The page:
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Pole Vault Technique, Part 1

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Former Olympic and World champion pole vaulter Stacy Dragila currently coaches young vaulters. She discussed pole vaulting technique in a February 2013 interview.
What would you tell a young pole vaulter about the importance of the approach run?

“I think it’s huge. I mean, the better you can run down the runway – efficiently running fast – it just translates that horizontal energy into the vertical. If you’re able to run through the takeoff, and put that energy into the pole, you’re going to get big results. But if you come in timid, the pole’s going to spit you wherever it wants to. You’re not going to be good with the pole. So I teach a lot of sprint mechanics. We don’t get on the pole vault runway right away. The kids learn a lot of sprint mechanics, running with and without the pole, and doing a lot of drills and activities before we even get to the runway, just so I know that they’re a little bit coordinated. Because you’re holding a foreign object, and now you’re trying to time that pole drop along with the body that’s coming in to the takeoff very quickly. So there’s a lot of timing aspects of it. And if you can time it up right it can be a really sweet ride.”

How important is developing a consistent stride length?

“I think it’s really important because if you don’t have consistent stride length, the stride is all over the place all the time and it’s a detriment to getting high in the air. I have a couple of kids right now that aren’t consistent and they can be a foot, foot-and-a-half out, a foot-and-a-half under, and they’re not having any fun, because they’re getting spit out on the runway. And these are young guys that I just acquired, and I said, ‘Hey, we need to take two steps back.’ But of course, they want to be on the runway competing. And I said, ‘You don’t even know how to run properly or have a consistent stride length.’ So that’s what I do a lot in the fall, is work on stride length, opening that stride, and having them run really consistent – again, with and without the pole. And then hopefully translate that over to the pole vault runway. And sometimes the kids get a little bit scared coming into the box if they’ve never jumped before, and they slam on the brakes. So we just try to put them on smaller poles and gripping lower so they understand, and just run through the takeoff. And as they do that we just inch the grip up slower and slower until they’re continually moving through the takeoff and keeping that energy through the takeoff. The biggest thing that I see is that coaches just try to get the kids to grip too high too fast. And that causes a lot of problems coming into the takeoff.”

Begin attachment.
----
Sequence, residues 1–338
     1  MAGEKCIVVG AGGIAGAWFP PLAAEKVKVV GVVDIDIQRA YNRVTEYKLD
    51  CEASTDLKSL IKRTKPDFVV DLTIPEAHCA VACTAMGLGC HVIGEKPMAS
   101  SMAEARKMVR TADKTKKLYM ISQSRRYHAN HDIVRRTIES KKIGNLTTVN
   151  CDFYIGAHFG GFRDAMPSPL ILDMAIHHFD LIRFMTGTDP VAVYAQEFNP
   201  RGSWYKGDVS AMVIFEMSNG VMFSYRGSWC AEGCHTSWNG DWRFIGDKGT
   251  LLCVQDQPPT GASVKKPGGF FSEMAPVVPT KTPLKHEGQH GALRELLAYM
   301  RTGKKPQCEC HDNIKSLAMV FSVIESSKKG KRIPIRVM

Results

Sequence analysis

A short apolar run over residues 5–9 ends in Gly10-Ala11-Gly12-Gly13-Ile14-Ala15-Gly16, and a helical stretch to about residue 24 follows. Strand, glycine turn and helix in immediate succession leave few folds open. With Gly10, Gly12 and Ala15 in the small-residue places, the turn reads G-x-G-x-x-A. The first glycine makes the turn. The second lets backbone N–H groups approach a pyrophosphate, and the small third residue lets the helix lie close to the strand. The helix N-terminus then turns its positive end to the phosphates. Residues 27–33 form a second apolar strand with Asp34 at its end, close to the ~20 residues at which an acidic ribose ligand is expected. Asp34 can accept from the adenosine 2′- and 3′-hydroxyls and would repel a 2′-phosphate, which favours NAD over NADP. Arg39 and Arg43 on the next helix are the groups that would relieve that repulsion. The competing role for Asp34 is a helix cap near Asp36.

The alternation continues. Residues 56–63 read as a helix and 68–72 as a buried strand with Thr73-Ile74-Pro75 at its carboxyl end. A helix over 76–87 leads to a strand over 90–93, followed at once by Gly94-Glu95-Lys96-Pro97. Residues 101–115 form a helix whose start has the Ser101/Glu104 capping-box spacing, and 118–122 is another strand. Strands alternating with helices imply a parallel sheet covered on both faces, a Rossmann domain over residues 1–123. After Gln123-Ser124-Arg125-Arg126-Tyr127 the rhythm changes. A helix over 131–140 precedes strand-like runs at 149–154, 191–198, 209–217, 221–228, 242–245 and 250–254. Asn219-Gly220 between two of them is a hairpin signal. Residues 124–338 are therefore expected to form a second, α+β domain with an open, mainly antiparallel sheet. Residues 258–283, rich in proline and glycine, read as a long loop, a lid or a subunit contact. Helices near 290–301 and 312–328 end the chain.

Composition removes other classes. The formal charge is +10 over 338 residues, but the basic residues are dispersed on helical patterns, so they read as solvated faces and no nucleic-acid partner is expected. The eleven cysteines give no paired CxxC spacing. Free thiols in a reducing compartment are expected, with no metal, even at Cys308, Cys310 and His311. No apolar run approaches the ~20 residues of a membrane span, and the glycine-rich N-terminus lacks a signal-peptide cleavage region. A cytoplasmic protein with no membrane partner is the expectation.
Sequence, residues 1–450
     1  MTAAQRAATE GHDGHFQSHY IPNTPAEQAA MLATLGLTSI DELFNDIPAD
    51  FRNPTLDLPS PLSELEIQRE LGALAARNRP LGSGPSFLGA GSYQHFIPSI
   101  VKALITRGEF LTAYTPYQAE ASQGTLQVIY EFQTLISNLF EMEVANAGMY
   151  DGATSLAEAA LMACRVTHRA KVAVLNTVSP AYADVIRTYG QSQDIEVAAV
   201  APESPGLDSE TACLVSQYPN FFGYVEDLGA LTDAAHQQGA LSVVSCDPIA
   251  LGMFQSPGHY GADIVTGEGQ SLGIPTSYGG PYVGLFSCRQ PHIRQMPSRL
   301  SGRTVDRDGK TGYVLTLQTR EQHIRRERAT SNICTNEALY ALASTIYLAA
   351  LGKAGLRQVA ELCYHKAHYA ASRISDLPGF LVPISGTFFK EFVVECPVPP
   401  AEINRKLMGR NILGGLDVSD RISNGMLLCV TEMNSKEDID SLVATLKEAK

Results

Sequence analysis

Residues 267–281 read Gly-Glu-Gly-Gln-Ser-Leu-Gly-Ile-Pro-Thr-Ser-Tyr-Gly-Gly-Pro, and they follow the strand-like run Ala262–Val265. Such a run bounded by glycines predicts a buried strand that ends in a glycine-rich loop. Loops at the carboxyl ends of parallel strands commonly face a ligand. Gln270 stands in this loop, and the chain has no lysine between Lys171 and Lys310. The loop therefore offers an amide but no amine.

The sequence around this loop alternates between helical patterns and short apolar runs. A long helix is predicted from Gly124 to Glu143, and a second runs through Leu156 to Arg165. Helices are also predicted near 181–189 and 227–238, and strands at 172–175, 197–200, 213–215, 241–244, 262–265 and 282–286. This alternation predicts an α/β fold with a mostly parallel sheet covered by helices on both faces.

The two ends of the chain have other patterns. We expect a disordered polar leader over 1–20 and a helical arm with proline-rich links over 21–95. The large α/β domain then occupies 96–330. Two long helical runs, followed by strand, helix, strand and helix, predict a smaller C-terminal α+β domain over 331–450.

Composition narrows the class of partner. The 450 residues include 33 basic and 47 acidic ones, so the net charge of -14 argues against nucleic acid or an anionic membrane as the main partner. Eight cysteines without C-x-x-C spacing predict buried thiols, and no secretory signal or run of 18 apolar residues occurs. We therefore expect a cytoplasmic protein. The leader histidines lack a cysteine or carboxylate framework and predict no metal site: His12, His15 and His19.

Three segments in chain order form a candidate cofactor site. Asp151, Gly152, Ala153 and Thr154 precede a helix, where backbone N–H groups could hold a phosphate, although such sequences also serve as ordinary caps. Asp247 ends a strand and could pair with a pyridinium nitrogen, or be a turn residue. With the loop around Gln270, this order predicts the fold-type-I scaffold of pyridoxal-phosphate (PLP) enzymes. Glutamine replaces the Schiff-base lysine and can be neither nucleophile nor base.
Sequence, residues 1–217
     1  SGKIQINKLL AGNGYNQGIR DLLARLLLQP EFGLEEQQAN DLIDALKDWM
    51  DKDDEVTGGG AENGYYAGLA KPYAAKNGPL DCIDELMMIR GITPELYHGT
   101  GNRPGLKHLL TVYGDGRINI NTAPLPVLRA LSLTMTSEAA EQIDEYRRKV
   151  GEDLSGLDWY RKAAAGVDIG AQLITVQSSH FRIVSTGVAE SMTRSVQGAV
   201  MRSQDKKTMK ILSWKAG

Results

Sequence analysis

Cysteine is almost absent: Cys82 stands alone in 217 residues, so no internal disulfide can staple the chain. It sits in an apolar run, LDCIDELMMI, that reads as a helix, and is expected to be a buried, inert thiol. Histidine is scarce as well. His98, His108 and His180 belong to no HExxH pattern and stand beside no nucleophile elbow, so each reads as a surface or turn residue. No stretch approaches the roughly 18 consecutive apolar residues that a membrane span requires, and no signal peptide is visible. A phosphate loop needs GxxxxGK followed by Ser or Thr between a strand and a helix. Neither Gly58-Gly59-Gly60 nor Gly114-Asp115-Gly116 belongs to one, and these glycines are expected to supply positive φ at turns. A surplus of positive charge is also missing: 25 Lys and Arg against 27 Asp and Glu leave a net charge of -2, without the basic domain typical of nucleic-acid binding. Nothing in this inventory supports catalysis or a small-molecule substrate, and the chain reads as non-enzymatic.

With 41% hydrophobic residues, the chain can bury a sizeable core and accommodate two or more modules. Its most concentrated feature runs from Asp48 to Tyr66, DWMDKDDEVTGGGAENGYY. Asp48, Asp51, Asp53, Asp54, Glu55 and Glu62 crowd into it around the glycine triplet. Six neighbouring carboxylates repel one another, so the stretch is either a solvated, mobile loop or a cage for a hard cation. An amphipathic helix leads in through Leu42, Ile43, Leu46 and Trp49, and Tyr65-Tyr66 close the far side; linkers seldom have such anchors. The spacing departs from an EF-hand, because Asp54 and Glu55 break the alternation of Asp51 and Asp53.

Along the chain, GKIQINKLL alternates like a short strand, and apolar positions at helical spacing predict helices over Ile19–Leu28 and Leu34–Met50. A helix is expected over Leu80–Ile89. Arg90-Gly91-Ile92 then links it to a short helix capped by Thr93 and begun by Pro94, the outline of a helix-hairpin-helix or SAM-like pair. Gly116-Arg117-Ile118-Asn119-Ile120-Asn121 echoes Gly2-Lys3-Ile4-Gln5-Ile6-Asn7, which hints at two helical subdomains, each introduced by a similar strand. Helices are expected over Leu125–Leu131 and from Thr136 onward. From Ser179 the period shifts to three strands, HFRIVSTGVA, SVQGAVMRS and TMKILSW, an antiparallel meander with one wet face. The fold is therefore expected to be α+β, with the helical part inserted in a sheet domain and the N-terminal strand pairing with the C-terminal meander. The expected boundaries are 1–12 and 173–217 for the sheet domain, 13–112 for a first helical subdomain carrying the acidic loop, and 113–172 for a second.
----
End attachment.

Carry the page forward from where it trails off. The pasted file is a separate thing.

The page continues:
How would you describe the pole movement during the approach run?

“I did a nine-step approach, which made the rhythm very easy. The first three steps are very powerful, the pole tip isn’t moving anywhere. Then those next set of three steps, the pole is coming down. And then in those last steps, the pole better be parallel, and then coming into the takeoff. So it’s kind of a nice, gradual drop and you’re always trying to chase that tip into the box and trying to get your hands up high and trying to jump up onto the pole. A lot of people think you’re coming in there and you’re yanking on the pole and holding on. And it’s quite the opposite. You’re trying to get that tip down so you can really try to jump over the tip of the pole. So we do a lot of grass vaults to try to teach that and time that up. And then a lot of sand vaults as well, trying to really get that tip down in front of you and kind of being catapulted up into the air. And of course the pole’s going to bend naturally, but you’re not trying to bend the pole. By creating all that energy coming down the runway, you’re storing that energy into the pole, which then makes it flex, and then hopefully you can catch it on the top end by doing a tight gymnastics maneuver.”

Read more about the pole vault:
Pole Vault Technique, Part 2
How to Find Pole Vaulters
Olympic champion Tracy Dragila Talks Pole Vault Training

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